LONDON -- Six environmental activists were attempting to the climb the 1,017-foot Shard skyscraper Thursday in a dramatic protest against drilling in the Arctic by oil companies.
Facundo Arrizabalaga / EPA
Three of the six Greenpeace women activists who were climbing Europe's tallest building, the Shard, in London, Thursday.
Campaign group Greenpeace said the women hoped to affix an artwork to the top of the tower, which is Western Europe’s tallest building.
The group said the activists, from Britain, Canada, Sweden, Poland, the Netherlands and Belgium, chose the 72-story skyscraper because it was close to the London offices of oil company Royal Dutch Shell.
"They don't want us talking about their plan to drill in the Arctic. We're here to shout about it from the rooftops," Greenpeace said in a statement.
The "#iceclimb” stunt was being live-streamed by the activists, who were carrying helmet-mounted cameras and who paused during the climb to post pictures to Twitter.
“The trains below look like tiny electric worms,” activist Victoria Henry posted to Twitter during a break from the ascent.
It also provided a remarkable spectacle for commuters during London’s morning rush hour, many of whom stopped to look up and take their own pictures.
“For me this is a personal act of bravery, and I hope that it can encourage anyone hesitating about taking action - no matter what scale - to take that step today,” Henry wrote in a blog post explaining the action.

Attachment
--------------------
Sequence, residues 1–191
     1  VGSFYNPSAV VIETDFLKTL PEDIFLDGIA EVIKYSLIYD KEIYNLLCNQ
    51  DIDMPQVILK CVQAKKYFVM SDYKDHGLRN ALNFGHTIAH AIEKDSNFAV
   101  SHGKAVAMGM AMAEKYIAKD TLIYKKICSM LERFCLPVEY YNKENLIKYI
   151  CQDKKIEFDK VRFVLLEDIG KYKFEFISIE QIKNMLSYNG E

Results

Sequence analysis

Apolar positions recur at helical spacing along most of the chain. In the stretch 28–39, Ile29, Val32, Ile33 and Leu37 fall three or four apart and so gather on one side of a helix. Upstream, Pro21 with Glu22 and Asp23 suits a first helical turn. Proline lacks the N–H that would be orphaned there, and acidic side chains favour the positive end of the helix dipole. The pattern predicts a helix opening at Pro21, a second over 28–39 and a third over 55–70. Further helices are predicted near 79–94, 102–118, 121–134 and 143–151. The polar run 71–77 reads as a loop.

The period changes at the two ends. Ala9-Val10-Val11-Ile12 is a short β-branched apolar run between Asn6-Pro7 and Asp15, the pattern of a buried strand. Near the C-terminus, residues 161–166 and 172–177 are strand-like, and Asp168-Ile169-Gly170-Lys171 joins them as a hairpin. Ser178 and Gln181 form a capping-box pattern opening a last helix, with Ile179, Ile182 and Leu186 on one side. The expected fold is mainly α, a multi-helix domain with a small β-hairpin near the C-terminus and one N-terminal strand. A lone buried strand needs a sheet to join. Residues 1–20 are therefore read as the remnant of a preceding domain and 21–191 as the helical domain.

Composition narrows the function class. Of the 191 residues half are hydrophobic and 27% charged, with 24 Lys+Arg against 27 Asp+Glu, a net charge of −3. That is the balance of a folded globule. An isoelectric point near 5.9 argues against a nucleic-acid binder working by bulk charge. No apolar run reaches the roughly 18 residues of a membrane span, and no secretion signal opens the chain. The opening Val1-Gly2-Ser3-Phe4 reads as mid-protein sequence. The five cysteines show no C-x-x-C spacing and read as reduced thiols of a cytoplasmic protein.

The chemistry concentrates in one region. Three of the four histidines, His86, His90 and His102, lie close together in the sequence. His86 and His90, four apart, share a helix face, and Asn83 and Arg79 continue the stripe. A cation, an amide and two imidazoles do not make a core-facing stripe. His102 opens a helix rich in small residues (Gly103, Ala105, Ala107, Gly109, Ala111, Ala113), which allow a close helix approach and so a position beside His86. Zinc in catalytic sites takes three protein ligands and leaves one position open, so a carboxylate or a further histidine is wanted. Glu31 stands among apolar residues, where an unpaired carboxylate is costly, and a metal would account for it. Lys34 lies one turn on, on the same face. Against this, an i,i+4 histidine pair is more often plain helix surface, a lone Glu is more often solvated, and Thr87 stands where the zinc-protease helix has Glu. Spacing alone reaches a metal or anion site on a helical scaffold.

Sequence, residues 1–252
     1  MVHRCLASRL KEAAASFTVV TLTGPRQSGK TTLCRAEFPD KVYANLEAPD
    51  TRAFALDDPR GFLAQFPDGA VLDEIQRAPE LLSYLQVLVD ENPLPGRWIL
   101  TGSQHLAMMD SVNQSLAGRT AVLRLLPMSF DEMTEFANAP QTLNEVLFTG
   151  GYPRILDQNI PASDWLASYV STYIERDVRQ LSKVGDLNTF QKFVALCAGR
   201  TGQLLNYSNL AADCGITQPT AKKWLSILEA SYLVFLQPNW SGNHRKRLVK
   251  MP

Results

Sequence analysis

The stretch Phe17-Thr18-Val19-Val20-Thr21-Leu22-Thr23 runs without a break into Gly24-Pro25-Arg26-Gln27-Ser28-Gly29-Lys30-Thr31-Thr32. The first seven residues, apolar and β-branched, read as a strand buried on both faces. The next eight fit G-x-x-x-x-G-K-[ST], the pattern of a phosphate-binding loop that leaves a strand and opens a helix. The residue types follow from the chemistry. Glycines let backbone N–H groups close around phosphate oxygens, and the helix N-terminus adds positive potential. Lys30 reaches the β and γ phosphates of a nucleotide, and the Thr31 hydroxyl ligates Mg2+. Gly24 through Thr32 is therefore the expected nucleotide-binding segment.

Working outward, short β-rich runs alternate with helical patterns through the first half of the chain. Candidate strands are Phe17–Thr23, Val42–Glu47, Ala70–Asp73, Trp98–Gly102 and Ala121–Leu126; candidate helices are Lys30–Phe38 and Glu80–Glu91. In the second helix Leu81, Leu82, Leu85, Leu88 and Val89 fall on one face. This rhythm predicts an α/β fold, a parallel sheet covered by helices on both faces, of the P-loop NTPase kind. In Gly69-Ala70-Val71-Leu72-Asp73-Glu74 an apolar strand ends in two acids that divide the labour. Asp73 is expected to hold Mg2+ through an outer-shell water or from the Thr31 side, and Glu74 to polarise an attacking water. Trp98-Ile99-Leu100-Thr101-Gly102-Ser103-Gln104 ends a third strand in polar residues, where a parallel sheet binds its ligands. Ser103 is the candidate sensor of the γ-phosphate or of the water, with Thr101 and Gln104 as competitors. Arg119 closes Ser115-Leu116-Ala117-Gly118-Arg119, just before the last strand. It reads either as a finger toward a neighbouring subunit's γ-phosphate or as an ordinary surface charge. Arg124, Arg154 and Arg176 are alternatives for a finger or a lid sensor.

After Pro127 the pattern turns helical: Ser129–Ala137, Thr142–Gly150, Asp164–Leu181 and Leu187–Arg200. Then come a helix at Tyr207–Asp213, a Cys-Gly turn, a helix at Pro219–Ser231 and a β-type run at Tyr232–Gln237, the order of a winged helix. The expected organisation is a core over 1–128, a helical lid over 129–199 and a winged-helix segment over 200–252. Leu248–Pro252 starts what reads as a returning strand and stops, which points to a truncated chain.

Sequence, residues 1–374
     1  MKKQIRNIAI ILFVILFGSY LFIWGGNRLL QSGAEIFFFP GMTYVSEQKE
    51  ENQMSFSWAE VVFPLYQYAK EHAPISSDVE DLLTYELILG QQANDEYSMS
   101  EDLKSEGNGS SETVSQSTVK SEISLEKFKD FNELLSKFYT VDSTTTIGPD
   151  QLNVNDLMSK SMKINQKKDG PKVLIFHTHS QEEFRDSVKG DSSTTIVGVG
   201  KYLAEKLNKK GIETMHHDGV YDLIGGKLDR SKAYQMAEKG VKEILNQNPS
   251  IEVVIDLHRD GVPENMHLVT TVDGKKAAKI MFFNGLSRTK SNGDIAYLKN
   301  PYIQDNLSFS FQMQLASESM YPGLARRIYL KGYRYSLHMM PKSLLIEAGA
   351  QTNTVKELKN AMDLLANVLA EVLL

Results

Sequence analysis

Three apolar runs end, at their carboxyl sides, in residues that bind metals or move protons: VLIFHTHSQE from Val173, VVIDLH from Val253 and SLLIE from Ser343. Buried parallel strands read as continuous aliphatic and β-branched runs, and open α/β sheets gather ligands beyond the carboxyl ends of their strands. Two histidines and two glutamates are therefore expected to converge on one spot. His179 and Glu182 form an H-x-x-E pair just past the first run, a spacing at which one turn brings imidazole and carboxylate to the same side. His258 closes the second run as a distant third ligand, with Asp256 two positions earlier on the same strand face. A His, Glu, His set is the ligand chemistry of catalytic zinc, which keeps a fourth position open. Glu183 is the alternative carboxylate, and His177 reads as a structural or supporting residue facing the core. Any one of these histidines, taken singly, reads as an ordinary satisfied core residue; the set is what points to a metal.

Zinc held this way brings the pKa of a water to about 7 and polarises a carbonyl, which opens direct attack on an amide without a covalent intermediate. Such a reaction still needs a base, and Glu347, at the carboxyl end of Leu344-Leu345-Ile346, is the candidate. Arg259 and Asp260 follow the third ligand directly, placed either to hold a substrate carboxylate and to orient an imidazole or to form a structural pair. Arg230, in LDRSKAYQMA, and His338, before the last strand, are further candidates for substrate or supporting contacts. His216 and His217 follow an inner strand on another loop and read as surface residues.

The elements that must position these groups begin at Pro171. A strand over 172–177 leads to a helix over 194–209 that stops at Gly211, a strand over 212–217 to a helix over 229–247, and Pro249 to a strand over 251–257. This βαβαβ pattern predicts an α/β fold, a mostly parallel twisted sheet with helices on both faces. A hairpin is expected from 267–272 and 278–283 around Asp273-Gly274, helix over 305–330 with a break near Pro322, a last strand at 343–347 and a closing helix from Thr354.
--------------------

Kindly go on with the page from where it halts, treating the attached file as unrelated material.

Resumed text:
In a statement to NBC’s U.K. partner ITV News, Shell said: “The Arctic region currently produces about 10 percent of the world's oil and 25 percent of its gas. We respect the right of individuals and organizations to engage in a free and frank exchange of views about our operations.
“Recognizing the right of individuals to express their point of view, we only ask that they do so with their safety and the safety of others, including Shell personnel and customers, in mind.”
Built at a cost of $2.35 billion in tough economic times, the Shard contains floor space equivalent to 31.4 acres -- or close to 15 football fields.
Its name derives from its distinctive design, comprising more than 11,000 angular glass panels - each resembling shards of glass.
Visitors must pay between $40 (£25) and $160 to take elevators to the observation platform, which offers clear-day views of up to 40 miles.
First published July 11 2013, 6:36 AM